Dialog vs. Dialogue: A Conversation on Correct Use

, Staff Writer
Updated November 11, 2021
Dialog - Dialog Box on Laptop vs Dialogue - Mother and Daughter Talking
    Dialog - Dialog Box on Laptop vs Dialogue - Mother and Daughter Talking
    Computer: SasinParaksa / iStock / Getty Images Plus / Dialog box: Makrushka / iStock / Getty Images Plus / Women: Yagi-Studio / E+ / Getty Images
    Used under Getty Images license

Have you ever spelled dialog and thought that it looked like something was missing? Why does one spelling end in -ue, and does it make a difference? Discover all this plus the meanings of dialog and dialogue, when to use them and in what context.

The Difference Between Dialog and Dialogue

On one hand, the difference between dialog and dialogue comes down to American vs. British English preferences. Dialog is typically favored in American English and dialogue is common in British English. However, these spelling variations have taken on distinct meanings in recent years.

  • dialog - used in computing

  • dialogue - a vocal exchange between two or more people or characters in a story

While the American vs. British debate is still applicable, the difference ultimately comes down to meaning, and the spellings are used interchangeably.


How and When to Use Dialog

One context where dialog is almost always correct is in computer language. In particular, dialog is used in the phrase "dialog box." According to the inventors of the dialog box, Microsoft, you should use dialog rather than any other variation of the word.

  • A dialog box is a type of window in the GUI of an operating system.

  • I selected my default search provider in the Add Search Provided dialog box.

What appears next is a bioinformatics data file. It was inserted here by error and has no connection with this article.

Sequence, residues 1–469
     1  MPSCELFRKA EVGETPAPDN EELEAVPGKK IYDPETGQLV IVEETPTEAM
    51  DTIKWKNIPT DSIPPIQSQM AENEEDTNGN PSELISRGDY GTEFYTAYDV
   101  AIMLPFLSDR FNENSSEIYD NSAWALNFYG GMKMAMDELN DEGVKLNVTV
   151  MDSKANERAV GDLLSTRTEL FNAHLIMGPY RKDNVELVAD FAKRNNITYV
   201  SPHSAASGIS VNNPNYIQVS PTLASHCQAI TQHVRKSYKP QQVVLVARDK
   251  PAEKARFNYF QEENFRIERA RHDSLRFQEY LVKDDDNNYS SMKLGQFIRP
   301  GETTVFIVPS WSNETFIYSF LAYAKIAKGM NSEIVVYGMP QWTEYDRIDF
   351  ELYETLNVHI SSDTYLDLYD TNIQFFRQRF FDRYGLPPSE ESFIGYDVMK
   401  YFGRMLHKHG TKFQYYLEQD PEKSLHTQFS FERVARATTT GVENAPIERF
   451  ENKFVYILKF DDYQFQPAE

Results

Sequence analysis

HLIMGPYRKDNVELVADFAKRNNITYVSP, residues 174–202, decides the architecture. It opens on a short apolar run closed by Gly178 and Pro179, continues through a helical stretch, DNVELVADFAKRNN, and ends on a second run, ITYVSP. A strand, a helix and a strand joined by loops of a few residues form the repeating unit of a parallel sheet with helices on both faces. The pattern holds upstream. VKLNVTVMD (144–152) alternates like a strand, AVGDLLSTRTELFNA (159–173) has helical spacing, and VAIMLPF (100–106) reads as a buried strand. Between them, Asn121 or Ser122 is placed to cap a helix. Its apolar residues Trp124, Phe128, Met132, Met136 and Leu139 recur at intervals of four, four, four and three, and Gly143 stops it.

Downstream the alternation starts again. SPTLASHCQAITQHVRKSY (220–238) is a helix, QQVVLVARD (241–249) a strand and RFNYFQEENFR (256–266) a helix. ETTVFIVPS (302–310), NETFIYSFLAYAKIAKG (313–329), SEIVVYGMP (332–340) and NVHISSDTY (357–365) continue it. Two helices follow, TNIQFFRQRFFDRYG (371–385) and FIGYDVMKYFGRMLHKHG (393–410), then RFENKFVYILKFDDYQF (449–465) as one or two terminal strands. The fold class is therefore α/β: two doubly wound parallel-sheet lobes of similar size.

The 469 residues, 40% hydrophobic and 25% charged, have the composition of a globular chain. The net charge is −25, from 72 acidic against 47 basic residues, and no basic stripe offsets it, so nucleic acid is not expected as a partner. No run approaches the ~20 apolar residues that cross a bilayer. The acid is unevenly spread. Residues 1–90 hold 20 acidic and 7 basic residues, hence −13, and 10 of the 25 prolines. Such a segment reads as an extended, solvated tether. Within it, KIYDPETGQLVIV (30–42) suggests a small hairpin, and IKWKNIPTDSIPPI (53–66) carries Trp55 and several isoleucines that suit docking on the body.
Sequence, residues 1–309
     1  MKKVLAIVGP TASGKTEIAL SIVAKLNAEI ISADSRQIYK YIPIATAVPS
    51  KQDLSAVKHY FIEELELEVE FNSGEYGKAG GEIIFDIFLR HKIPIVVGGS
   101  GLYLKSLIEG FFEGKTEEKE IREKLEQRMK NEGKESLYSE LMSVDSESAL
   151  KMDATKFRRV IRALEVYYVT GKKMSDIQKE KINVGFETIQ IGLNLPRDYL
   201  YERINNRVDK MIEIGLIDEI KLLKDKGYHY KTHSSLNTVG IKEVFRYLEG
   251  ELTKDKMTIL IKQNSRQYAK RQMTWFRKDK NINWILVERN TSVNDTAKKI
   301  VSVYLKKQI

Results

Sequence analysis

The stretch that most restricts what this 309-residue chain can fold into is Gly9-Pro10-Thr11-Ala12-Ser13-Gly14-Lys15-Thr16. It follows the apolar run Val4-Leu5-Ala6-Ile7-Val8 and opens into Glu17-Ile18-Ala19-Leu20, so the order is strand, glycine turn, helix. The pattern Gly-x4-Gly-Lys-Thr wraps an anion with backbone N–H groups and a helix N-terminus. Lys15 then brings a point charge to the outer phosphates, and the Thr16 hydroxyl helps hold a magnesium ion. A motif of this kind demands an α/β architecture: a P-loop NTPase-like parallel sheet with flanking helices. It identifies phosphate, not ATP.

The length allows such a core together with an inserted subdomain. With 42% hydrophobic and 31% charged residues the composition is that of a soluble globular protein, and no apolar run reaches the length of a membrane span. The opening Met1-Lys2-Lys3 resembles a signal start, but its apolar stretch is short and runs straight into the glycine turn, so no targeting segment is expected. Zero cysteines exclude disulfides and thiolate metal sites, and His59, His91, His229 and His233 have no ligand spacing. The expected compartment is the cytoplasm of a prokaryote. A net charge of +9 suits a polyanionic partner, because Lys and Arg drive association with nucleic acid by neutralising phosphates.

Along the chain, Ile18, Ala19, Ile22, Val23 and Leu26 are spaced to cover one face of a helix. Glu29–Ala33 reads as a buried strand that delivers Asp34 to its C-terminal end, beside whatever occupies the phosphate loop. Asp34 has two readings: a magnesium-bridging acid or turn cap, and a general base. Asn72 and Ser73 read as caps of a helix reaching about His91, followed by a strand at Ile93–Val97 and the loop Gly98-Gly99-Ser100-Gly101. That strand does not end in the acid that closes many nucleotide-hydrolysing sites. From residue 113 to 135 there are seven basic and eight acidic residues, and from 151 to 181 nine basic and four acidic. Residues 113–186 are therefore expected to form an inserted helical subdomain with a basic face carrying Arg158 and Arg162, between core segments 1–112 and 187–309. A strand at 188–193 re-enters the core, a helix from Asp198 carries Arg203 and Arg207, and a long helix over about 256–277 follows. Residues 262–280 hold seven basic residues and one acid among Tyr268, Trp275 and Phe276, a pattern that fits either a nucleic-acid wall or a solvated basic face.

• A dialog box popped up asking if I wanted to run the software.

Dialog is also an acceptable alternate spelling of dialogue in American English, although the latter is generally preferred. When using dialog in this context, it still refers to a conversation between characters in a story or a vocal exchange between people, often in the form of a debate or formal discussion.


Dialogue Origins, Meaning and Use

Dialogue comes from a Middle French word dialogue. This comes from the Greek dialogos, which itself comes from dialegesthai meaning “converse with.” While dialogue is typically used to denote conversations between characters in books, movies, and plays, it is also commonly used in politics. In this context, it means "negotiations or discussions" between nations or political entities.

  • The play featured riveting dialogue between the protagonist and antagonist.

  • The dialogue between the presidents was covered by the press.

  • He launched into a long-winded dialogue.

  • She rehearsed the dialogue with her castmates.

  • The dialogue sounded very stilted and unnatural.

Using Dialogue as a Verb

In North America, dialogue can also be used as a verb meaning "to take part in a conversation" or "to perform dialogue in a movie, play, etc." This can take the form of dialogues, dialogued and dialoguing.

  • I let him dialogue until he'd said everything he need to.
  • The employees dialogued about the new company policies.
  • The actor was dialoguing when we walked in.

Tips to Remember the Difference Between Dialogue and Dialog

Use this helpful hint to remember the difference between dialog and dialogue. Dialogue is usually the correct spelling. It ends in -e. Think of other related words that end in -e such as converse, state, voice, articulate, declare, vocalize, or verbalize. All of these words mean "to speak," and dialogue is a speech or conversation between two or more people. In contrast, dialog is used in the phrase "dialog box" but is rarely used otherwise except as an alternative spelling of dialogue.

A Dialogue About Spelling

Words with alternate spellings are fairly common in English, including words that end in -ue like catalog and catalogue. Which is the correct spelling, or are both correct? Explore other words with different endings like the multiple spellings of blond and blonde to find out when to use which.